'Abraham Lincoln: Vampire Hunter' may already have a sequel
'Abraham Lincoln: Vampire Hunter' screenwriter Seth Grahame-Smith compares the movie to a superhero origin tale.
Over the weekend, Screen Rant participated in a special (and surreal) event for Abraham Lincoln: Vampire Hunter in honest Abe’s hometown of Springfield, IL. While there, we visited the 16th president’s tomb, climbed into the ordinarily restricted (and highly creepy) areas just above the grave-site’s of Lincoln’s wife Mary and three of their sons, took a midnight tour of the presidential library, were granted a peak into his highly-guarded vault and screened several minutes of footage from the film.
We will have an early look at the Abraham Lincoln: Vampire Hunter trailer, a “making of” featurette, video interview with director Timur Bekambetov and star Benjamin Walker, excerpts from our Q&A with Bekmambetov, Seth Grahame-Smith (Writer/Author), Walker and Jim Lemley (Producer) and a more detailed accounting of the event very soon.
In the interim, we invite you to imagine what a sequel to this seemingly one-off actioner would look like. Novelist and co-screenwriter Grahame-Smith has notably compared his re-imaging of our 16th President’s history to that of a Superhero origin tale. Origin stories, by their nature, however, offer a vision of the hero-in-question’s beginnings, but they do not offer an end. When Grahame-Smith was asked if this film would leave room for a continued exploration of the imagined world he answered thusly:
“The short answer is yes, absolutely. If you read the book there’s an epilogue that leaves things open to that. In the film, without giving anything away, we don’t definitively end the origin story. We leave, not only a mentor story, but also possibly a Lincoln story open.”
Yet, we all know the facts of Lincoln’s tragic end. So in what manner would this version of his life continue? At different points in the evening, the filmmakers asserted that there were several possibilities for a franchise.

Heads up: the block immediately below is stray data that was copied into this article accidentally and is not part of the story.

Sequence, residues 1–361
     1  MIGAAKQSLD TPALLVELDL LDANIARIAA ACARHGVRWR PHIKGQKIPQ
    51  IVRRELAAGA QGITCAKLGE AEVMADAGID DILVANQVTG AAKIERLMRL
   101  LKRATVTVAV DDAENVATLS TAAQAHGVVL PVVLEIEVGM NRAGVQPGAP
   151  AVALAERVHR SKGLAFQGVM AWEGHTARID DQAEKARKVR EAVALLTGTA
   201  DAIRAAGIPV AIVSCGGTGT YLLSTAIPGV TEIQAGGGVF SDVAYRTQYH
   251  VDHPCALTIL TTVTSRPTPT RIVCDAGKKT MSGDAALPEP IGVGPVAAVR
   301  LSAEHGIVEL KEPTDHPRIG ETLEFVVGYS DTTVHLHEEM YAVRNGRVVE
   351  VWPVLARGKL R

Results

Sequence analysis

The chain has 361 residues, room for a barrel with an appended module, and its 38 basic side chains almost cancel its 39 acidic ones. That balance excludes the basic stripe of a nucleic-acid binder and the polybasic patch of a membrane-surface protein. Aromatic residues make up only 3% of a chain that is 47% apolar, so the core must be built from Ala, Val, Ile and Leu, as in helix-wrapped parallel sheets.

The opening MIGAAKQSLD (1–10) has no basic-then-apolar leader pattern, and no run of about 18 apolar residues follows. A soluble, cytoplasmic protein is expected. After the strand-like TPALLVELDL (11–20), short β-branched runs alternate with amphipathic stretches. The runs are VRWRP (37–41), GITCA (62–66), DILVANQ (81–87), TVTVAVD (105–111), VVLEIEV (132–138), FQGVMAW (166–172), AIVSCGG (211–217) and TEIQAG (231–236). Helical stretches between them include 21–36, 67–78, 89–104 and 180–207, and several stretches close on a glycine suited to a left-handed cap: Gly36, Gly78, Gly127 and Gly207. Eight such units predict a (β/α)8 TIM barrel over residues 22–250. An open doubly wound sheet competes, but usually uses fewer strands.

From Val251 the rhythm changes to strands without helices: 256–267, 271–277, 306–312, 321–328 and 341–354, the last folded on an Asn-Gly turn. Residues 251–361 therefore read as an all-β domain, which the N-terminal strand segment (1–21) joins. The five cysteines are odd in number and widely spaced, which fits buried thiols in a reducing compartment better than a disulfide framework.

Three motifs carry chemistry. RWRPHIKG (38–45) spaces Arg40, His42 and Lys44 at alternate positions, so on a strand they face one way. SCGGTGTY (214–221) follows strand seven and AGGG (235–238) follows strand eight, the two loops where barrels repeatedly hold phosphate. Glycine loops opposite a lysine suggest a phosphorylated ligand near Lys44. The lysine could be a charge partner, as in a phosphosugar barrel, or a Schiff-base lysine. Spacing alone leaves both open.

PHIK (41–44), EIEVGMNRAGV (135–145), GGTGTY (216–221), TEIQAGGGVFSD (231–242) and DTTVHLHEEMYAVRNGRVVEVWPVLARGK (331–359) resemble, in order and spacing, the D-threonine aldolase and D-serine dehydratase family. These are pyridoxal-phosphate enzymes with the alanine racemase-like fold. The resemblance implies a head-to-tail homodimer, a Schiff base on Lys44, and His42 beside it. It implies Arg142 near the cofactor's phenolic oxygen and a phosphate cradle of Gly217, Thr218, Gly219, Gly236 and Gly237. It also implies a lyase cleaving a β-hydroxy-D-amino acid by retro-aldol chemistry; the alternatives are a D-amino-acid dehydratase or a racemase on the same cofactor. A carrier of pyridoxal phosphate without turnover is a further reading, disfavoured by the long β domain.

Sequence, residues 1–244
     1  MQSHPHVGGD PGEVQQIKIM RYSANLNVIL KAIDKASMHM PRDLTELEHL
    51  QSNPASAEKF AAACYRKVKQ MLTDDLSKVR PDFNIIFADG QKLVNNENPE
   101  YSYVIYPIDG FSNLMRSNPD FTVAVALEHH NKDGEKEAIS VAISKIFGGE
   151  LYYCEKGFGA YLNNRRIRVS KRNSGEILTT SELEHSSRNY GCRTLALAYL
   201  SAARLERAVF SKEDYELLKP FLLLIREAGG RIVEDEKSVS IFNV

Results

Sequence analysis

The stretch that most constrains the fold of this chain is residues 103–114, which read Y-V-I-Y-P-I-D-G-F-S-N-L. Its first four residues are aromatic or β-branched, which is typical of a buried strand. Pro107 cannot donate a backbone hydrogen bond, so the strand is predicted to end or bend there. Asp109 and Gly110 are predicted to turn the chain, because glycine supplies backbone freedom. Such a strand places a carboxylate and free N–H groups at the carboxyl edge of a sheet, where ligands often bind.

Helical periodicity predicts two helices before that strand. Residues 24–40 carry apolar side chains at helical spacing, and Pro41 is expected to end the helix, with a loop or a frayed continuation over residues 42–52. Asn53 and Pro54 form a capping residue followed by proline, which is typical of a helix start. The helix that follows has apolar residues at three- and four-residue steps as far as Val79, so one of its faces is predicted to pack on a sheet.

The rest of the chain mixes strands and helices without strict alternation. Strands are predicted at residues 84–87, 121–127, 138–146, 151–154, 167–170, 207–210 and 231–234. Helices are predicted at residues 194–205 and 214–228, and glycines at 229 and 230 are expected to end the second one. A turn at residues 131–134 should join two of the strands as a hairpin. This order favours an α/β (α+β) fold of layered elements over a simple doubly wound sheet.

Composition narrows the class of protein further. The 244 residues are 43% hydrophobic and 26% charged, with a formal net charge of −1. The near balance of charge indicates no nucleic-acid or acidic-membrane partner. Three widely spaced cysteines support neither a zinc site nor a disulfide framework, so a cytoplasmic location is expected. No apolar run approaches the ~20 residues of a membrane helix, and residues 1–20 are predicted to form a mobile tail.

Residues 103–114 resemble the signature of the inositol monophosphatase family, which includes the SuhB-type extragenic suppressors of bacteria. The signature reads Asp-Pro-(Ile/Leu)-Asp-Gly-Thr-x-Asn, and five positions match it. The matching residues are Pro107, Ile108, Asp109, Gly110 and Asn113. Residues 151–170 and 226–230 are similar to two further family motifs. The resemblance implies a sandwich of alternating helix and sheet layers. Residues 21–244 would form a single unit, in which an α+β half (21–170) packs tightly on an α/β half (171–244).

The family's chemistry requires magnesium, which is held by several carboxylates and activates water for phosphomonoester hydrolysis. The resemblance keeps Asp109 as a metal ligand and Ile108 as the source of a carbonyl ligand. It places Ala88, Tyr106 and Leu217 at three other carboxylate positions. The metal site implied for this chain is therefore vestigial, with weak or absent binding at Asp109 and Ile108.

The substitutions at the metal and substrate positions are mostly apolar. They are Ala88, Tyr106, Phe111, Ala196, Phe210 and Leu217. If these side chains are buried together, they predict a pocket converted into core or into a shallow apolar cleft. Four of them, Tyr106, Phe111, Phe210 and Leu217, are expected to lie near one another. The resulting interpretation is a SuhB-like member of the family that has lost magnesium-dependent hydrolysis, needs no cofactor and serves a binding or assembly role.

Producer Jim Lemley followed up on Grahame-Smith’s answer by saying:
“This is a struggle that was going on before Lincoln punctuated it, but it’s probably going on now.”
So perhaps we will see a sequel that takes the characters that are established in Abraham Lincoln: Vampire Hunter and brings them into our present time? The author and director each stressed that this film bridges three worlds: the historical world, the fantasy world and our contemporary world. Now, that may not (and likely does not) indicate that our present day will be seen in this film. Indeed it likely means that the movie is aesthetically modern in its effects as well as visual palette – and, as Bekambetov reflected, an awareness that they are making the film “for a young audience.” But there did seem to be an intent for us to understand that this was not a story that necessarily concludes with the credits.
Indeed, as Bekambetov asserts, when you engage in fantastically revisionist history all the rules change:
“The scary thing is that they can convert you. This is the scariest thing. Because we know that Lincoln was killed in the theater, but the whole movie you are afraid that they will bite him and we don’t know who was killed in that theater, and how…”
Based on the filmmakers statements we must ask: Will we see some version of The Devil’s Double in the time of the civil war? And will Abraham Lincoln: Vampire Hunter 2 ultimately be: Abraham Lincoln: Vampire?
Roth Cornet blogs at Screen Rant.
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